What “Gay Rights” increasingly looks like to millions. Are you good with that, Christian-haters, or will you double-down on the anti-Christian bullying?
The fact is that the gay rights movement is increasingly seen as a pack of moralizing, preaching, judgmental, controlling, demanding, and even potentially violent jerks who will smash anyone who expresses any reservation about things like gay marriage or massive gay pride parades.
Which is not a situation I created, it's merely a situation I observe as reality.
We were told all gays wanted was to be treated as humans no worse than we are, deserving of all the rights we have. Now we're increasingly told Christians are sub-human primitives if we have any reservations, at all, about anything LGBTQ+.
So I will say this again: without Christian support, there would be no gay rights in America. And if you look across the world, in regimes run by other religions, or specifically atheist regimes? You see a far worse record of mistreatment of gays than you do in most historically Christian nations. Yet Christians often wind up being the most hated instead, for civil disobedience or any other balking.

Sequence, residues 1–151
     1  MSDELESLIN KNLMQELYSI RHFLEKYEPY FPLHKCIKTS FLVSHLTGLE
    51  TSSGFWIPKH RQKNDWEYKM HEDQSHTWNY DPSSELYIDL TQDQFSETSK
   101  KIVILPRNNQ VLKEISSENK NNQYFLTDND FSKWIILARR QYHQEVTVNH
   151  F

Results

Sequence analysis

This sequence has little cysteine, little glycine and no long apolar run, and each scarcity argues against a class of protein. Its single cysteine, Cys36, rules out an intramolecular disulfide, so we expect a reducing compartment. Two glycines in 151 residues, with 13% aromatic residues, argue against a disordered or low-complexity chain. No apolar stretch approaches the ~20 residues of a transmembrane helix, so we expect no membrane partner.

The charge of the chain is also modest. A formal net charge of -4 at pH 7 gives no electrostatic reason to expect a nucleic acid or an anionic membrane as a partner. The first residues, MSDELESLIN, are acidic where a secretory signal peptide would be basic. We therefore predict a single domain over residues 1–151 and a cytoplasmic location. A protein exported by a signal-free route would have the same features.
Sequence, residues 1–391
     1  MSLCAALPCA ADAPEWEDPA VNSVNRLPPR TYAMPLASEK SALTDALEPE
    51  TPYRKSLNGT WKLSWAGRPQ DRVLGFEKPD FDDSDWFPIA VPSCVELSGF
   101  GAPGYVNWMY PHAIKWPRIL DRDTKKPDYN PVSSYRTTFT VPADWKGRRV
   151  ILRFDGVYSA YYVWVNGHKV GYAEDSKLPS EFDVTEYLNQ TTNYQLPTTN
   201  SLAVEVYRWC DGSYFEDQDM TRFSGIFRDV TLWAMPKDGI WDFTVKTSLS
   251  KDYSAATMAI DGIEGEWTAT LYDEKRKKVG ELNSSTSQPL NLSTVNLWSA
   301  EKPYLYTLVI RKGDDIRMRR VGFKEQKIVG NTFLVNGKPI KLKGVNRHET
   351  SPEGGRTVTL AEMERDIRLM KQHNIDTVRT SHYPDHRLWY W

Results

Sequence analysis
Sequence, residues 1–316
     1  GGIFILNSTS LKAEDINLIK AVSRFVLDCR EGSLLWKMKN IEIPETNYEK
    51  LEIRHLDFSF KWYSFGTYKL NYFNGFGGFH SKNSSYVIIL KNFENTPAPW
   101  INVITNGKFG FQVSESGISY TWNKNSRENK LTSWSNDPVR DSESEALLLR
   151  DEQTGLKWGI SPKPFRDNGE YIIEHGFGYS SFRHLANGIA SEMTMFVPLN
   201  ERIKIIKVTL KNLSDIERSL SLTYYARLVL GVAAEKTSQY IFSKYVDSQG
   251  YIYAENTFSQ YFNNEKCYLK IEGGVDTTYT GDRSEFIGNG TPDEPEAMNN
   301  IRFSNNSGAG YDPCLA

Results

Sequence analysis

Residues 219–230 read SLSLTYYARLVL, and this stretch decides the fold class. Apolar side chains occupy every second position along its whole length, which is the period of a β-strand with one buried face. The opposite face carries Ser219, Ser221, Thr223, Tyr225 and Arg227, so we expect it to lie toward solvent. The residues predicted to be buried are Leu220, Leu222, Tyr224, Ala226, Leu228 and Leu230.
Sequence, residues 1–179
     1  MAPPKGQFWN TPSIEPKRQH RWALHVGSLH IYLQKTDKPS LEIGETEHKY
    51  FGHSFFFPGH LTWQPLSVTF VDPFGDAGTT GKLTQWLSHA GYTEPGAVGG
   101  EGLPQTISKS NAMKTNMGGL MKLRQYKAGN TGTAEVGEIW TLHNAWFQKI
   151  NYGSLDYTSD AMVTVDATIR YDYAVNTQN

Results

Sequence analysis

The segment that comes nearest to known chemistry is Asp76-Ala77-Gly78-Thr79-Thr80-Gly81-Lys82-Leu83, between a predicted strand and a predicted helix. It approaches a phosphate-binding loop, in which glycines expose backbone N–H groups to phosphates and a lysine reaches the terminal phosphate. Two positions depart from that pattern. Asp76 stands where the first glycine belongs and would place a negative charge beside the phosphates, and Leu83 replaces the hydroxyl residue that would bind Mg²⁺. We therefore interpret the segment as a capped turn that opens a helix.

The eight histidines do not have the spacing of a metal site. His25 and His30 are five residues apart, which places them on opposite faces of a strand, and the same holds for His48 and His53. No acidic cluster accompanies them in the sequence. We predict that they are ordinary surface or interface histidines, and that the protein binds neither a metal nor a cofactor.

Did Christians make a mistake to back gay rights? When Christians are abused by atheist secularists and self-righteous LGBTQ+ activists, we have reason to wonder. How far does the bullying of dissenting Christians go, for sometimes saying "hmm we're not sure?" or even "that's gross?" Should we more tolerant Christians change our minds and decide we were betrayed, and that the most conservative among us were right to scorn us for being tolerant?
These are real questions, not rhetorical. If Christians are going to be scapegoated and spat upon for being Insufficiently Gay Friendly, fast enough, why shouldn't Christians re-evaluate the relationship? If you hate us, you "enlightened pro-gay antireligious secularist progressives," how enlightened and tolerant are you really?
Indeed, might not the constant Christian-bashing on gay issues not now be seen as blatant proof that our "homophobic" minority was right along and we were stupid not to listen to them?
PS: On behalf of Catholics everywhere, you're welcome for the free AIDS hospices that we've been running since the 1980s.